THE BELIEVER’S RULE OF CONDUCT – II

by Bob Wheeler

 

As we saw in our last blog post when the Apostle Paul said that we are not under law but under grace he was not saying that there is no moral law, but that the only way to fulfill that law is not by keeping the letter of the old covenant but by following the guidance of the Holy Spirit.  Basically there are two major issues here.  The first has to do with the content of the moral law – how do we know what God really requires of us?  The Torah (The Five Books of Moses or the Pentateuch) generally does not make a distinction between the “moral,” the “civil,” and the “ceremonial” law.  It was initially given to meet an immediate need for a set of laws to govern the Israelite community, and Israel was bound to obey all of it.  The majority of the laws are phrased negatively and have penalties attached.  Instructions are given on how judges are to decide cases.

And underlying moral code is implied, however.  Part of it is rooted in the character of God himself – His own moral attributes.  “But You, O Lord, are a God full of compassion, and gracious, / Longsuffering and abundant in mercy and truth” (Ps. 86:15, echoing the words of Ex. 34:6).  This, in turn, means that there are certain things God hates: “There are six things the Lord hates, / Yes, seven are an abomination to Him: / A proud look; / A lying tongue, / Hands that shed innocent blood . . .” etc. (Prov. 6:16-19.  God judged the entire world at the time of the Flood because He “saw that the wickedness of man was great in the earth, and that every intent of the thoughts of his heart was only evil continually” (Gen. 6:5).  He destroyed Sodom and Gomorrah “because their sin was very grave” (Gen. 18:20).  Likewise the Canaanites were to be destroyed “for they commit all these things and therefore I abhor them” (Lev. 20:23).  Therefore David could say, “Lord, who may abide in Your tabernacle? / Who may dwell in Your holy hill? / He who walks uprightly, / And works righteousness, / And speaks the truth in his heart . . .” (Ps. 15).

Jesus himself made it clear that the moral law is not done away.  “Do not think that I came to destroy the Law or the Prophets.  I did not come to destroy but to fulfill.  For assuredly, I say to you, till heaven and earth pass away, one jot or tittle will by no means pass from the law till all is fulfilled” (Matt. 5:17,18).

On the other hand it is probably not true that “The moral law is summarily comprehended in the ten commandments.”  Strictly speaking, the Ten Commandments (literally, the “Ten Words” or “Sayings”) were “the words of the covenant” (Ex. 34:27,28; Dt. 4:13), a summary of the terms and conditions of God’s covenant with Israel.  While they obviously reflect basic moral principles, it would be a mistake to say that they “continue to be a perfect rule of righteousness.”

But how, then, do we know what the true moral law requires?  To know that we must turn to the teachings of Christ and the apostles in the New Testament.  We must interpret the Old Testament in the light of the New.

And according to the New Testament what is really required from us as human beings and as Christians is that we love the Lord with all of our heart and soul and mind, and lover our neighbors as ourselves, as Jesus said (Matt. 22:34-40, quoting Dt. 6:5 and Lev. 19:18).  Or to put it another way, the essence of the moral law can be summed up in the Golden Rule: “Therefore, whatever you want men to do to you, do also to them, for this is the Law and the Prophets” (Matt. 7:12).  Significantly Jesus said that “this is the Law and the Prophets.”  The mandate to love was always there – it was just buried under a mass of civil and ceremonial regulations.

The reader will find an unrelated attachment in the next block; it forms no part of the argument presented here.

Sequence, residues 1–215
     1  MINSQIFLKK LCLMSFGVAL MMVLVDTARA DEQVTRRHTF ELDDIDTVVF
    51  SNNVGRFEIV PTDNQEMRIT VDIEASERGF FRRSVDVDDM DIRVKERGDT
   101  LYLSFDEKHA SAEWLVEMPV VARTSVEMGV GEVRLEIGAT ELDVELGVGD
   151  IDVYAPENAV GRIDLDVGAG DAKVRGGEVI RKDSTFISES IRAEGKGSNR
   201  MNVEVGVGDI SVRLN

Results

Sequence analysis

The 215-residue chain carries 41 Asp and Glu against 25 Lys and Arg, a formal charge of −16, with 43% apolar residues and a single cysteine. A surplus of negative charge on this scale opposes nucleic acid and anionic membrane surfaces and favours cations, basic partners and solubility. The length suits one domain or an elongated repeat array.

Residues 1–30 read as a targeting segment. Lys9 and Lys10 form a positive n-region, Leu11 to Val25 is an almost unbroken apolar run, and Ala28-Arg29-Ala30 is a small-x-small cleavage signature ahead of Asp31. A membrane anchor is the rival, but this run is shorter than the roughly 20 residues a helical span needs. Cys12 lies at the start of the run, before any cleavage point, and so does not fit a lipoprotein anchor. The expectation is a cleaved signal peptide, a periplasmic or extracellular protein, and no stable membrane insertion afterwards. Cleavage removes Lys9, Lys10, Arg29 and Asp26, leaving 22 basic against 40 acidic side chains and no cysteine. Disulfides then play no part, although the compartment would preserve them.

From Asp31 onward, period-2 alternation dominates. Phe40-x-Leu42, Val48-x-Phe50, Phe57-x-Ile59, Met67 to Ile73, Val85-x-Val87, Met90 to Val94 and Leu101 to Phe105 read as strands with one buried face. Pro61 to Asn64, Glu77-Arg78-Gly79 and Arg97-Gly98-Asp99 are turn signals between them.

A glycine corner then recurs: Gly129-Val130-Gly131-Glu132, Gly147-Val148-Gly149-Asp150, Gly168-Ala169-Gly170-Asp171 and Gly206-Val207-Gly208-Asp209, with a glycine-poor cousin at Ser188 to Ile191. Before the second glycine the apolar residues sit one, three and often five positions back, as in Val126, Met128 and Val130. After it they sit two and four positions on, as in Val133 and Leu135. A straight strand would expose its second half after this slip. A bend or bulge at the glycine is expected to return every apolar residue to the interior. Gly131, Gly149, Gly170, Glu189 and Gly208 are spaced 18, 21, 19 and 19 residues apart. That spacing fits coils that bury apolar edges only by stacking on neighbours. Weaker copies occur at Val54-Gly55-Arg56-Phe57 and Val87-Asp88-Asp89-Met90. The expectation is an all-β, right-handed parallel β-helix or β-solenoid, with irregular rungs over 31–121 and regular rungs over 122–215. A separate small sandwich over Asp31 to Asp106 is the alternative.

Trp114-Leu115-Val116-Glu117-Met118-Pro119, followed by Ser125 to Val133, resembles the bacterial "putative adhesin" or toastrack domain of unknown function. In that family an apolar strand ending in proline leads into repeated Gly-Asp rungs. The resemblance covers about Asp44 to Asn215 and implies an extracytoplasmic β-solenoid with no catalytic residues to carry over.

Love does not do away with the law; it goes beyond it.  If you love someone, if you genuinely care about him, you will not harm him.  In this sense love fulfills the law (Rom. 13:8-10; Gal. 5:13-15).  But at the same time what love requires cannot be reduced to a set of rules and regulations – “thou shalt not do this” or “thou shalt not do that.”  Strictly speaking the purpose of the written law is to show us what we have done wrong (I Tim. 1:8-10).  But genuine love actively seeks the wellbeing of the other person and is not content merely to meet the minimum requirement of the law.  And meeting the needs of others cannot be prescribed in detail by a written law code.  Love actively looks for opportunities to help and to serve.  It does not have to be told to do so.

Which brings us to the second consideration, which is the motive of obedience.  Why do we do what we do?  Is it a matter of pride?  Or fear of punishment?  Do we simply go the life doing the bare minimum that is required of us in order to please someone else?

A genuinely righteous person does what is right because he wants to do what is right.  He genuinely cares about others and actively seeks their good.  The question is not, what do I have to do?  Rather the question is, what can I do to further God’s glory and help others?  The Holy Spirit produces His fruit in the heart of the believer, giving him the proper desires and motives.  As a result the believer does not have to be told what to do under threat of punishment; he does it instinctively and spontaneously.

C.I. Scofield, who was originally trained as a lawyer, used an interesting example to illustrate the point.  “The law of the commonwealth requires parents to care for their offspring, and pronounces penalties for the willful neglect of them; but the land is full of happy mothers who tenderly care for their children in perfect ignorance of the existence of such a statute.   The law is in their hearts. (“Rightly Dividing the Word of Truth,” p. 41).

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